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I volunteer as a reader and to homebound patients through my church. I've recently encountered a few situations that I don't know how to handle. A couple of patients have lashed out at me and I don't know how to attempt to make them feel better. I realize this is a next to impossible task, but one of my responsibilities as a volunteer is to listed and offer support. My boss at the organization asked me to come up with a list of possible solutions. The first five are on the silly end, while the second five are more serious. I could really use your help as I'm not an expert in this profession. Can anyone take a look if you get a chance? I'd be so grateful!
What to do with a cranky patient:

A cranky patient can make your day very hard. If your patient is in a bad mood, try to make them feel good. Using humor might do the trick! Here are some ideas in case you need a little inspiration:

1) Dance! Dance! Dance!

Don't be afraid to let loose! Your patient might appreciate your best Electric Slide or The Hustle!

2) Tell a joke or a funny story.

Laughter is the best medicine!

3) Make them feel special!

Draw a silly portrait of them!

4) Sing one of your favorite happy songs.

Don't worry if you aren't the best singer! Music is known to bring joy!

5) Give them a treat!

Everyone needs a little reward once in a while. Why not give your patient some ice cream or a cookie? Think of their favorite dessert!

Humor can be an excellent way to cheer your patient up, but it's also important to take a serious approach.

1) Be understanding!

Everyone has bad days. Don't let your patient's mood change yours! Stay positive! They count on you!

2) Be supportive!

Tell them that you understand. Ask them to talk to you about what they're feeling and LISTEN!

3) Be kind!

A little kindness goes a long way! Put yourself in their shoes! Remind them that you care about them.

4) Be patient!

Don't lose your temper! If your patient is upset, silently count to ten before you respond. Stay calm.

5) Be respectful!

Everyone deserves to be treated with respect. Speak softly to them. Be gentle. Be encouraging.
Your patients will struggle from time to time. They need you to stay strong! You can help them just by being there for them.

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Continuing, 6) Always stay within the scope of your role, the task assigned. Volunteering is not a profession, and it would not be your role to "manage a patient". This may take an attitude adjustment on your part. 7) Since you are already enthusiastic (got that part covered), try not to overstep by being silly.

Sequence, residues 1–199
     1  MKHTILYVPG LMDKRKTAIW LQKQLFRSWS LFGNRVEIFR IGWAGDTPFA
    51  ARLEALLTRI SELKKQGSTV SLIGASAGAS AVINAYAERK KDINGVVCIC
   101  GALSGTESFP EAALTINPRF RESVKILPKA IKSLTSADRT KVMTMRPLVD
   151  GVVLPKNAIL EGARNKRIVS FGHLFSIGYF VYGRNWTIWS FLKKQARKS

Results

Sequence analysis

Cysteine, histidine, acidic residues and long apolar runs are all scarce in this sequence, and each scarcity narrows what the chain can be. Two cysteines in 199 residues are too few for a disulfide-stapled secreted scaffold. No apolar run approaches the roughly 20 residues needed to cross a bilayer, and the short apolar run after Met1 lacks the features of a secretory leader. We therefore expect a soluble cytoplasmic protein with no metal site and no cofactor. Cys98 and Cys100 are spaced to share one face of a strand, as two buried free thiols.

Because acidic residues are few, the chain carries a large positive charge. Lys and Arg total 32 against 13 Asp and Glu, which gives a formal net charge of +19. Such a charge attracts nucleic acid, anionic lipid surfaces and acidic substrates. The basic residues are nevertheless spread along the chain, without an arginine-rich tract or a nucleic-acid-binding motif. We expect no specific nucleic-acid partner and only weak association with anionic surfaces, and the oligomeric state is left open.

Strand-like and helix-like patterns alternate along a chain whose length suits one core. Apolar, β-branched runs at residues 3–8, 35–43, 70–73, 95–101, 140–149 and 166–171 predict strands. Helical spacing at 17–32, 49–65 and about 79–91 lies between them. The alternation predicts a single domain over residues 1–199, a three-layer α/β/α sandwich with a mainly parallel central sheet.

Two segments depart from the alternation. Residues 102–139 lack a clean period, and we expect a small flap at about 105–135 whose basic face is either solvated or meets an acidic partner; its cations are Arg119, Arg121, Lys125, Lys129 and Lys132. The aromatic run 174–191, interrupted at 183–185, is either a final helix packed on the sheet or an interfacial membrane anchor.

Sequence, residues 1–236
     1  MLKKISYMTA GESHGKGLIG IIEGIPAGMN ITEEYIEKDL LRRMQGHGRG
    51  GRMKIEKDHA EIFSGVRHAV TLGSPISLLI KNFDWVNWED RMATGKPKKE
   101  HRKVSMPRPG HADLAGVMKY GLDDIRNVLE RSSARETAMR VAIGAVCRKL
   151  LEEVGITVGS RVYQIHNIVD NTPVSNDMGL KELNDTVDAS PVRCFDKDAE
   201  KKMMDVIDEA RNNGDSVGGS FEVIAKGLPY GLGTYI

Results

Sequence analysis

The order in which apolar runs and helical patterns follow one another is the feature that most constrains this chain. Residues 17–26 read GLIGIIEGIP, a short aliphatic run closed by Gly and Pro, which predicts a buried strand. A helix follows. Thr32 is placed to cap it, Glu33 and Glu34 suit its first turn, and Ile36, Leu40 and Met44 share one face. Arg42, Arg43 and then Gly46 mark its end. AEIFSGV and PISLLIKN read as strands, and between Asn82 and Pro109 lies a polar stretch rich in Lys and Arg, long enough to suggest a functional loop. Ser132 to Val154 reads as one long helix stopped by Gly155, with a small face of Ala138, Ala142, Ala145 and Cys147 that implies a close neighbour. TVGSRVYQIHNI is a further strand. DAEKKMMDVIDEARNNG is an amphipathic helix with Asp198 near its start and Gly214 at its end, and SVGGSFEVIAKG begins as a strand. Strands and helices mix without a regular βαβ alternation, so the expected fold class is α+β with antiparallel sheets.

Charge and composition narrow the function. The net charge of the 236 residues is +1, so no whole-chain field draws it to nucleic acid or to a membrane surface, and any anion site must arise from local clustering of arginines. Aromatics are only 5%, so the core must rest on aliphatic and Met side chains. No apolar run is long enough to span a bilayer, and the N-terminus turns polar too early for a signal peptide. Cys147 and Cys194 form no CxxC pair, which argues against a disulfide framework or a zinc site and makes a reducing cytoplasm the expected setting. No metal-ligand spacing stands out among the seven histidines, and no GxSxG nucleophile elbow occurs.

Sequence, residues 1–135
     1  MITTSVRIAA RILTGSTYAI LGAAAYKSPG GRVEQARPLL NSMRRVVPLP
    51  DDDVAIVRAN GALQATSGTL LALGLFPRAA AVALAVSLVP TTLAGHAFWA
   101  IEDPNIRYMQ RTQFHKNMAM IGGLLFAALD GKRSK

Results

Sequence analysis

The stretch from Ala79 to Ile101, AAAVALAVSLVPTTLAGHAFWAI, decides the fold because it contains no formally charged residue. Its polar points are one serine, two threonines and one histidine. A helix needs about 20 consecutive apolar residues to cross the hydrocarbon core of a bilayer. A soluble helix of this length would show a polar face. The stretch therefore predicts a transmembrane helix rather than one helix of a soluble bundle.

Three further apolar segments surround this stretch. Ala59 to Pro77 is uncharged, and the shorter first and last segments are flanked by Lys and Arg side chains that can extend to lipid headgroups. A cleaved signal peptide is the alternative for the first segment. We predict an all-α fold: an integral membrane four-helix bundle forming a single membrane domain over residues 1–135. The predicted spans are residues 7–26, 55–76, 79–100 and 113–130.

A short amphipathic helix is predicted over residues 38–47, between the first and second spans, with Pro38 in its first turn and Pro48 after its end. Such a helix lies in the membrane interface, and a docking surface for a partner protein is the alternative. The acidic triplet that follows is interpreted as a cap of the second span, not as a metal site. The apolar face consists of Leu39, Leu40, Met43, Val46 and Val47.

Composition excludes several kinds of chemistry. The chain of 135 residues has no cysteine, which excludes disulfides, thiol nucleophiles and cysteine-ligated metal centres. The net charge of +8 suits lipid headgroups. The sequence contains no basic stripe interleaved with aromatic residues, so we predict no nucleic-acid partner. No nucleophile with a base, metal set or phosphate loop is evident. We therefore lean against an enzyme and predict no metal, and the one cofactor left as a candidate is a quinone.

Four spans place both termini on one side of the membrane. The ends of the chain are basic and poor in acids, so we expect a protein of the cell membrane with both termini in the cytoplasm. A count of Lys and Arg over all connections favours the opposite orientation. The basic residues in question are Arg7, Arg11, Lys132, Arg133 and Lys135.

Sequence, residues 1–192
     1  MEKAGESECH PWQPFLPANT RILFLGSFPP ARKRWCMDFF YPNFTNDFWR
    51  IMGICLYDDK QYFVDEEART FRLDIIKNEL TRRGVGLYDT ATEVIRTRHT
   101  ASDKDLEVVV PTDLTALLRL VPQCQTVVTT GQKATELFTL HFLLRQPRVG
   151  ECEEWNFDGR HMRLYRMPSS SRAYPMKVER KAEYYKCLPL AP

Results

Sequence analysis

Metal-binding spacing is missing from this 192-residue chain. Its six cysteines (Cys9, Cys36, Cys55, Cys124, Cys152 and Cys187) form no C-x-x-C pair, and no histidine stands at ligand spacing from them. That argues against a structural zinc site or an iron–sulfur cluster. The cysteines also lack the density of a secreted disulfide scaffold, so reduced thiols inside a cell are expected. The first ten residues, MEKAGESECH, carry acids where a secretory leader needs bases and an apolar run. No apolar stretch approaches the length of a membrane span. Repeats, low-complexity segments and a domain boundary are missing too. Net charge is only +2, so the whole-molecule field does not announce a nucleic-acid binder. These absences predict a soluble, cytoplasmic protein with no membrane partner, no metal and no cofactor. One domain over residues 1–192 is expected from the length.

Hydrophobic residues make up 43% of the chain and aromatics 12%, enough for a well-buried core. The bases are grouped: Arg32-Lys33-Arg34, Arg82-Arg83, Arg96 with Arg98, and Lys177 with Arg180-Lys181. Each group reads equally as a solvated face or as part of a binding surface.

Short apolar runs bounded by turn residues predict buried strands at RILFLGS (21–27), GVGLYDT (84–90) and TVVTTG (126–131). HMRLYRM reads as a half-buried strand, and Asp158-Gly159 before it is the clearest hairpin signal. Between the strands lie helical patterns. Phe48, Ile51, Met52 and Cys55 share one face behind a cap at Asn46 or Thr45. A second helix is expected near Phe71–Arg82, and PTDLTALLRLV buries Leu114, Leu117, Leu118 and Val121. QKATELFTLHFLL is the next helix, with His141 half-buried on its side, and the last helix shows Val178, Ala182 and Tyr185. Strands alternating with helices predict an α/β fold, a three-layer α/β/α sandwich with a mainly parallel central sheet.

I want to encourage you to keep trying, and thank you for your heart for service to seniors. And finally, avoid all possibilities of your behavior that would cause those seniors to call you a young whippersnapper. Humor is a good thing.
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Volunteering can be great. Here are a few precautions:
1) Would you pet a cat if it was going to scratch you? Or approach a dog, if it was growling and about to bite? In the same manner, try not to be intrusive into the space of a patient suffering fom perhaps acute anxiety (Sundowner's) in the late afternoon or early evening. 2) Try not to over stimulate the person by going from being isolated to dancing. 3) Always ask permission: Introduce yourself, say "would you like for me to read to you?" 4) If a young, spry, happy stranger drew a silly picture of me, I would lash out too. You correctly stated to be respectful, consider the huge difference between you and say, for example, a wheelchair bound or bedridden patient. 5) Learn the correct distance between you and the personal space of the patient. (18 inches, 36 inches?) Asking permission, "May I sit here?", sit calmly at their level, not towering above or over them.
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I would try to find a way to communicate with seniors who have poor hearing. I have found that poor hearing limits my ability to communicate with quite a few seniors. I end up yelling and they still don't understand me. What is the answer? I don't know. Maybe someone here has some ideas. I have read that hearing aids don't work well and most seniors I know don't have them anyway.

What about writing things on a tablet? That takes time, but I guess it's worth a try.